One thing PBS must be commended on this year is sticking with ITV’s original format (more or less) regarding its Downton Abbey broadcasts. Though technically next week’s episode will be the season finale (which aired of course as a Christmas Special in England), “Season 5, Episode 8” set it all up perfectly, while also being satisfying in its own way.
A theme throughout this season of Downton has been the slow movement of our main characters away from each other. Isobel considers a future with Lord Merton, leaving Violet more on her own, while Mary schemed to get rid of Tony Gillingham so she could find the right man. Isis passed on, Cora took a flirtation too far, and Edith took off for a little while to London with Marigold. Branson is plotting a move to Boston, and Rose’s marriage to Atticus means she will no longer be a Downton regular. Downstairs, Daisy considers a move to London, Patmore eyes retirement, and in the worst storyline Downton has ever managed to do, Anna is now headed for jail.
There have also been many conversations about futures and opportunities, as the characters have all considered their place away from Downton (as is the case with the downstairs staff), or the legacy they will leave (more of an upstairs issue). More trips to London, and an embrace of radio, bobs, and interfaith marriages all have suggested, as Mrs. Patmore put it, “another clang in the mark of time.”
Let’s start with the episode’s best moments: Branson is getting a very nice send-off from the estate and the show, as he is cherished and appreciated in turn. He shared some very sweet moments with Mary and with Edith in “Season 5, Episode 8,” but the truth is, aside from getting involved with that troll, and doing a little business regarding housing, he doesn’t really serve much of a purpose. It’s a rare situation where both viewers and the character can sense that it would be better to move on, even though he will be missed.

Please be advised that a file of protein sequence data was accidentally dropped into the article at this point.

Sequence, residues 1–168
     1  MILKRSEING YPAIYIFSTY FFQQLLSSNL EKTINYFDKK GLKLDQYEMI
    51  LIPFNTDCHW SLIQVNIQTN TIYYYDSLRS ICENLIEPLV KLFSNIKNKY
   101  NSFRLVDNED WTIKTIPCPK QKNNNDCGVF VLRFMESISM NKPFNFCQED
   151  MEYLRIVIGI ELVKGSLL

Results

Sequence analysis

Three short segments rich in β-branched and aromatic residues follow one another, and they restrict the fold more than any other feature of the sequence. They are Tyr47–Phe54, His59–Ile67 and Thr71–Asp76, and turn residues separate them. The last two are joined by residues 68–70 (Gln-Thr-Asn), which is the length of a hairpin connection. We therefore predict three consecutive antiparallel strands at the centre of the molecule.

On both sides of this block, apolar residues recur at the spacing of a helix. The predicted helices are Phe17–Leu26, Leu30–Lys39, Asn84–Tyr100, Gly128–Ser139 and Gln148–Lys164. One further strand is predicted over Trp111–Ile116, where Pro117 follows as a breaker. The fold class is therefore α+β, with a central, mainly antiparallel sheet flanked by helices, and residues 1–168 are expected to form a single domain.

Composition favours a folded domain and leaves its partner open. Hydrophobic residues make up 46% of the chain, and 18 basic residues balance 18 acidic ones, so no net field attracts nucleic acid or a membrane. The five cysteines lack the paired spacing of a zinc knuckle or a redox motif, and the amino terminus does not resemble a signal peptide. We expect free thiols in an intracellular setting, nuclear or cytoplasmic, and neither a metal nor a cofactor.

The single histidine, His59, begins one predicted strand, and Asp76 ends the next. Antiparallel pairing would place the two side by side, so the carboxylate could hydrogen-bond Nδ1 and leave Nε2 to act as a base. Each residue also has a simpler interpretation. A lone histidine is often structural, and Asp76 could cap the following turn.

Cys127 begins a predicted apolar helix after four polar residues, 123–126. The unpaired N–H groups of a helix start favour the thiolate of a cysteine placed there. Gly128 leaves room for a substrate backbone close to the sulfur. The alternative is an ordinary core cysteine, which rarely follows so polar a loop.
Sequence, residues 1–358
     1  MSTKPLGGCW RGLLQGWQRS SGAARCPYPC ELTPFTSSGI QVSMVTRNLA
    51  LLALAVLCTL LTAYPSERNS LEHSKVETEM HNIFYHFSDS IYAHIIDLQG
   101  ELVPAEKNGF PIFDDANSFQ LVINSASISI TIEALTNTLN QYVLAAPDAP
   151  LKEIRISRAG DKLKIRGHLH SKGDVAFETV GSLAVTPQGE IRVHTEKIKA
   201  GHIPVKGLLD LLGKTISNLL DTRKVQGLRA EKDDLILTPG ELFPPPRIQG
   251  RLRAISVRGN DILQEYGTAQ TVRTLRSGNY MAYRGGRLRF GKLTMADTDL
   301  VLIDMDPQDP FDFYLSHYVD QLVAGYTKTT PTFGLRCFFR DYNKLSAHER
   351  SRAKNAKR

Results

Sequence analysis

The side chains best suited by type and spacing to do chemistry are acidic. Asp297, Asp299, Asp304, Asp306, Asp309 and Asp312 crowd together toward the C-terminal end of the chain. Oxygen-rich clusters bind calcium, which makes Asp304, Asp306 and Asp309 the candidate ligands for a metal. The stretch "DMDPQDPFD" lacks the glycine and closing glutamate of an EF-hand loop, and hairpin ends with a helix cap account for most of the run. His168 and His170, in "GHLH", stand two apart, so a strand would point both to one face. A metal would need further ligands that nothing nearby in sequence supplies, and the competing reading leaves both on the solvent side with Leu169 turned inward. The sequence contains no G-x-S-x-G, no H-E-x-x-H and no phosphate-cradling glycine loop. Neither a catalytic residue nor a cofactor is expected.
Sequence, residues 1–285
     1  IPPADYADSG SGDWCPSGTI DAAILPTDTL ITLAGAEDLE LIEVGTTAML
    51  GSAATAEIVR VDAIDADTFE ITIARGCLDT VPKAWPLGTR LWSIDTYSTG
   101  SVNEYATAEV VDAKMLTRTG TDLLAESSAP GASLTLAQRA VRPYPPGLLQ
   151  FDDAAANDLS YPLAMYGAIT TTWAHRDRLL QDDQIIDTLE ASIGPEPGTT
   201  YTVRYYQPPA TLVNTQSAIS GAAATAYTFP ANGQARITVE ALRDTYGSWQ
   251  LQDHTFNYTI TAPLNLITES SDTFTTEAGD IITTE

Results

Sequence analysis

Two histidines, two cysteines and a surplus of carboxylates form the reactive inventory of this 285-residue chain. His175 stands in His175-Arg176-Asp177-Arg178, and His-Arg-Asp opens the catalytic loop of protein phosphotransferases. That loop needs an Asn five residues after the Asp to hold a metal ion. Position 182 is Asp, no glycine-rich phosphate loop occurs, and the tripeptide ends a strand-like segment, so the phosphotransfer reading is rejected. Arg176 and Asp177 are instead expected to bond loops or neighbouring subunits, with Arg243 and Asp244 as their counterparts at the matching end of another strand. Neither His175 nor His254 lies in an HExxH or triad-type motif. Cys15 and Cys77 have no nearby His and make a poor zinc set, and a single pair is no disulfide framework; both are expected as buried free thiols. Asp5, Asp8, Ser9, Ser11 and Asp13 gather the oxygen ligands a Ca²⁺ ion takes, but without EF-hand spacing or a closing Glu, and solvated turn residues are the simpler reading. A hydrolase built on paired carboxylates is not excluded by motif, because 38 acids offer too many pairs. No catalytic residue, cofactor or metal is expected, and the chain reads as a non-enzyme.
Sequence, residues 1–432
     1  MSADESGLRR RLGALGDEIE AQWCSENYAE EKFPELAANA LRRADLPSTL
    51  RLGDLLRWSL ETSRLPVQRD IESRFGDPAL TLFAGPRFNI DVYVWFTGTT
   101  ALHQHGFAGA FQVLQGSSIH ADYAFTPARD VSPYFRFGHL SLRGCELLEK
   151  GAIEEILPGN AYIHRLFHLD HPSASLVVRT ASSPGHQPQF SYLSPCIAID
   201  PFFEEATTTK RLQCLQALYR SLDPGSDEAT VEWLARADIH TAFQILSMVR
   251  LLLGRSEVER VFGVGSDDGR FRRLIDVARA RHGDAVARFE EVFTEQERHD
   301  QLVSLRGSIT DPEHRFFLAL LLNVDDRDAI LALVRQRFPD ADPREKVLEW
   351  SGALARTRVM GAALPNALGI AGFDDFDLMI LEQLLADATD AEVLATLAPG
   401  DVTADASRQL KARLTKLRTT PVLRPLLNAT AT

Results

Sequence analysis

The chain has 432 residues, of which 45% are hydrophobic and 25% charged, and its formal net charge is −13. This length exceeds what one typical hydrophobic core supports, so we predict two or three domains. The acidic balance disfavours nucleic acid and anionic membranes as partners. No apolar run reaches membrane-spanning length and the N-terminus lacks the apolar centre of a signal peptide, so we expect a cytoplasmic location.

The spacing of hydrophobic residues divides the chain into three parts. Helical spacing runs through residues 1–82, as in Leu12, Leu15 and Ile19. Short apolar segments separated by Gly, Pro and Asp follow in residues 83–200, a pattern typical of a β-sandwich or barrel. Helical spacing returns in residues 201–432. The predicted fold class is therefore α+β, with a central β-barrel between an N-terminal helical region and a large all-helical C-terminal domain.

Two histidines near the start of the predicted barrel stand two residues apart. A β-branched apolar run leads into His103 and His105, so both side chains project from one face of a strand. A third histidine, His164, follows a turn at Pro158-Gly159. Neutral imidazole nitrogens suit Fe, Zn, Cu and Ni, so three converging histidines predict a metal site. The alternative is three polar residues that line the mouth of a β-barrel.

The continued flirtations between Molesley and Baxter remind me of early Anna and Bates, before that train derailed. It’s sweet, and subtle (for Downton), and I applaud the time the show is taking with it (even though Molesley has gone from bumbling fool to part of the intelligentsia in a matter of weeks). The same is true with the easy rapport Carson and Mrs. Hughes have together, and that lovely relationship between Carson and Mary. Only two people have ever really known the person of Mary — Carson and Matthew (Anna mostly stays out of it). They see the good in her, and also know of her sorrows in a very clear way. Carson’s comments about Tony not being good enough for Mary were also very sharp.
As for the new: every time there is a new member of staff introduced to Downton, we should all know by now that drama will soon follow. Denker’s spats with Spratt have been amusing, but never did I suspect her as a basement booze-hound. Her tricking the hired footman Andy into spending his savings so she could drink for free was over-the-top, but, it did allow for yet another opportunity for Thomas to redeem himself, if only in secret. “Next time, ask your Uncle Thomas,” he cautions the naive Andy. Apparently Thomas is a deft hand at poker.